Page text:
Eastbay Astronomical Society
Eightieth Anniversary Dinner
Sunday, March 7, 2004
Astronomy Hall of Chabot Space & Science Center
10000 Skyline Boulevard, Oakland

PLEASE SUBMIT YOUR RESERVATIONS ON OR BEFORE MARCH 1st SO WE
CAN GET A GOOD ESTIMATE OF HOW MANY PEOPLE
ARE COMING

The doors will open at 5:45 pm, with Dinner at 6:45 pm. Awards presentation, door prizes and lecture about 8:00 p.m.

Speaker: Dr. Phil Plait
"The Bad Astronomer"

Dr. Phil Plait is an astronomer and educator at Sonoma State University, where he develops educational materials based on NASA space science. He is better known as "The Bad Astronomer", debunking myths, misconceptions, and misuses of astronomy. His Bad Astronomy website(http://www.badastronomy.com) is one of the most popular astronomy sites on the web. There he tackles cosmic silliness head-on, ripping apart claims that the Apollo Moon landings were faked, Planet X will kill us all, and that scientists have no sense of humor. Dr. Plait wrote a book titled (surprise!) "Bad Astronomy", and is currently working on a second book, as well as several magazine articles, TV shows, and a way to keep his washing machine from squeaking during the spin cycle.

Title: Seven Ways a Black Hole Can Kill You

Face it: black holes are cool. They are ferocious devourers of matter, energy, and even space itself, and they excite our imagination even as they fill us with dread. Certainly, falling into one would be the last thing you would ever do, but that's not the only way a black hole can kill you. It turns out there are at least seven ways, including ripping you to pieces, irradiating you with X- and gamma rays, alternately compressing and stretching you as they form, and even frying you if you happen to get too near one as it explodes (bet you didn't know they could do that, did you?).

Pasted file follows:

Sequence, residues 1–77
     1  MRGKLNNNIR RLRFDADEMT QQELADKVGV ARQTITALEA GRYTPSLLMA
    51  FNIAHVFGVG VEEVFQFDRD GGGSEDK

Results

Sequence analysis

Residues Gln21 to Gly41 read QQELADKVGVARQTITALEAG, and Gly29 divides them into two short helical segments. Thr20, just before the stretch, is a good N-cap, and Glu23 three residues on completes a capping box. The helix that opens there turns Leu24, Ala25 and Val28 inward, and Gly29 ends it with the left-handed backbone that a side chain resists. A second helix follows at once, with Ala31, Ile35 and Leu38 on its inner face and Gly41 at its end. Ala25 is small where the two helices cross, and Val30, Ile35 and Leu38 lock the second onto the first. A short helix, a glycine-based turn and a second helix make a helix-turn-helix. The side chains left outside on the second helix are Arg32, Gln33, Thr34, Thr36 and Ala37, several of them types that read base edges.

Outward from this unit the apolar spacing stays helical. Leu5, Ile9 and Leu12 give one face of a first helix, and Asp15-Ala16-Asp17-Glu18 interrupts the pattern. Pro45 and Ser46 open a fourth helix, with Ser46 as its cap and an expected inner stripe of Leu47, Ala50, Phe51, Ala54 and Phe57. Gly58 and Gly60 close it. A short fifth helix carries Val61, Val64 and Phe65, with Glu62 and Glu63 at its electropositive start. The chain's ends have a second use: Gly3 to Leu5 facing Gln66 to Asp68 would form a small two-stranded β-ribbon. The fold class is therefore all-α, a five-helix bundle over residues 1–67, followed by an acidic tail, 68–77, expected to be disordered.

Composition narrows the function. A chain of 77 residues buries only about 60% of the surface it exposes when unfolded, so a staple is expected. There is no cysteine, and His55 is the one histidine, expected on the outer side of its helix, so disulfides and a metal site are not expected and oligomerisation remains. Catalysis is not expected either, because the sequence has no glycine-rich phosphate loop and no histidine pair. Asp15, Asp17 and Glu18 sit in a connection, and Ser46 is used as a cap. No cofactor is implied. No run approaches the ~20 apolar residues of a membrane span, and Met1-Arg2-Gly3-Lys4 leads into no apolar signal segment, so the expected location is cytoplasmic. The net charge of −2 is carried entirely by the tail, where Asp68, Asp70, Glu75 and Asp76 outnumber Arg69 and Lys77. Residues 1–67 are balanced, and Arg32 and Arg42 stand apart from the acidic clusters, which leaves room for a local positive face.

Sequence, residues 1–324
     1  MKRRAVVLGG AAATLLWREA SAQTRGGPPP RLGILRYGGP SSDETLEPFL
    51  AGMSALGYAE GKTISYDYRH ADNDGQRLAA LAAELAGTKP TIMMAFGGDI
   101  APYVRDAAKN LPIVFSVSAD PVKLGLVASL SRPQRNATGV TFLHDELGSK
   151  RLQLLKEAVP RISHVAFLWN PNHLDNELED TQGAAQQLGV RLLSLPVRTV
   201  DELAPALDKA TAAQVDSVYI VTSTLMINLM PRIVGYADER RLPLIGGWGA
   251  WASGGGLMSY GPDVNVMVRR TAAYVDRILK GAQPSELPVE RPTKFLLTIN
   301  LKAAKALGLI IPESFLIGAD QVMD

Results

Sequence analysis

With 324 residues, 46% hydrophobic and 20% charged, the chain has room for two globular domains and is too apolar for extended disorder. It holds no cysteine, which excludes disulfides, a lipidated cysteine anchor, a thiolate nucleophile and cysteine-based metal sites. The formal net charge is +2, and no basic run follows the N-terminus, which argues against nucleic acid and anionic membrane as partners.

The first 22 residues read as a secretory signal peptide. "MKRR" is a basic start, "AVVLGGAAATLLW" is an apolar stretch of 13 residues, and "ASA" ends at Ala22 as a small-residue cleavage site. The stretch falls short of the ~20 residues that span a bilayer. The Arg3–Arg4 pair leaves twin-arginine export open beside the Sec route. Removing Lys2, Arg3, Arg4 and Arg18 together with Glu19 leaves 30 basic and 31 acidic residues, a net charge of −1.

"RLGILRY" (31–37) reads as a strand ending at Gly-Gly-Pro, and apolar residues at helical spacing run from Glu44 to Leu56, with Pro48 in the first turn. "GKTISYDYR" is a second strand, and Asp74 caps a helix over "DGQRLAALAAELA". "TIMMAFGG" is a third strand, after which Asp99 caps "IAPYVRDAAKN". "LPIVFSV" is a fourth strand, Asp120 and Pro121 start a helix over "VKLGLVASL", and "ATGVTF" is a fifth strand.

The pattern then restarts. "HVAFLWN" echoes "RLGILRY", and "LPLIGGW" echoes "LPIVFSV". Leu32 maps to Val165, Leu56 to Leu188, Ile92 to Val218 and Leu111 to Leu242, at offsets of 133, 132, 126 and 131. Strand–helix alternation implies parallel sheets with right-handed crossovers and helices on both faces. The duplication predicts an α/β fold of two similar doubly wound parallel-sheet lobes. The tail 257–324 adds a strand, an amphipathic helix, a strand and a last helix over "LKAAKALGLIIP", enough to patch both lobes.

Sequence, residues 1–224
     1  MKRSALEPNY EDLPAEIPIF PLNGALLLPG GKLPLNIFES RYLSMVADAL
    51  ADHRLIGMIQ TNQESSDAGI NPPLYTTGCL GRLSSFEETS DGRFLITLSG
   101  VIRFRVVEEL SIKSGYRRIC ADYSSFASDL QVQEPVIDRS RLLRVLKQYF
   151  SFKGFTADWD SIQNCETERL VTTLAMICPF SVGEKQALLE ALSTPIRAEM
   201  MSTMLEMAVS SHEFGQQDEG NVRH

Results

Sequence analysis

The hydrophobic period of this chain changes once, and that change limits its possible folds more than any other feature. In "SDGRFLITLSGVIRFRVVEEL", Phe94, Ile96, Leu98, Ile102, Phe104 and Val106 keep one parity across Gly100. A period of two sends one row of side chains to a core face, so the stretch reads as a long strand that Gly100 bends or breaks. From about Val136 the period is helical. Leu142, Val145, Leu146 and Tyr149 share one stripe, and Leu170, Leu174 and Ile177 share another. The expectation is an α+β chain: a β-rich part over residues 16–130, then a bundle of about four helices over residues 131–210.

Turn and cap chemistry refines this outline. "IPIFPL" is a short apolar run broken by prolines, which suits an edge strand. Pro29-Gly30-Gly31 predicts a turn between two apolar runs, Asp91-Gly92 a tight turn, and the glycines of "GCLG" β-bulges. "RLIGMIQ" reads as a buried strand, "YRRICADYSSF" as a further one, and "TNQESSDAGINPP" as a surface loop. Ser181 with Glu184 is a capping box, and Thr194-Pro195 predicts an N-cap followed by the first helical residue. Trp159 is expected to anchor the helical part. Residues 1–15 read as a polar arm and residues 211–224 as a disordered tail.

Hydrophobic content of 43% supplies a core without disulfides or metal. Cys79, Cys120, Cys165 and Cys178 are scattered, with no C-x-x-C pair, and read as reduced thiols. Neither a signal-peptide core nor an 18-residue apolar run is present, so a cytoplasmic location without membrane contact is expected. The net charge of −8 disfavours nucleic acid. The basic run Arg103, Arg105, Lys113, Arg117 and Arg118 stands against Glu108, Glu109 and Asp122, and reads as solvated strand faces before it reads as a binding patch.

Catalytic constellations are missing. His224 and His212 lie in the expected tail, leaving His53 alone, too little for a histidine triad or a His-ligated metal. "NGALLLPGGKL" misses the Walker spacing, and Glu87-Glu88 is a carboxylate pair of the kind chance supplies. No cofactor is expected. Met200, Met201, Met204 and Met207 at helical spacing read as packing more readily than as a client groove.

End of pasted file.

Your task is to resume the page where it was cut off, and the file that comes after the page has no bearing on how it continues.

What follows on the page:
Astronomer Phil Plait (webmaster of Bad Astronomy at www.badastronomy.com) will light-heartedly show you all the nasty and gruesome ways a black hole can ruin your day, and in the process show you what black holes are, how they form, how they can die, and how scientists have figured all this out.

This year’s Helen Pillans Award goes to Mike Reynolds for his strong support of amateur astronomy and insistence on having a place for the Telescope Makers Workshop at the Chabot Space & Science Center.

The dinner will be catered by Harry’s Hofbrau featuring Roast Beef, Turkey, Ham and Spinach Lasagna. This dinner received rave reviews the past eight years.
Cost per person will be $33.00. Mail your checks, payable to the EAS, as soon as possible with this form, or bring it with you to the next meeting, or give it to Carter Roberts at CSSC some Friday evening. Get your reservation in soon to guarantee a seat. We must give the caterer a final count by March 1st.

Questions?
Contact EAS Treasurer Don Stone at
(707) 938-1667
or email him at ddcstone@earthlink.net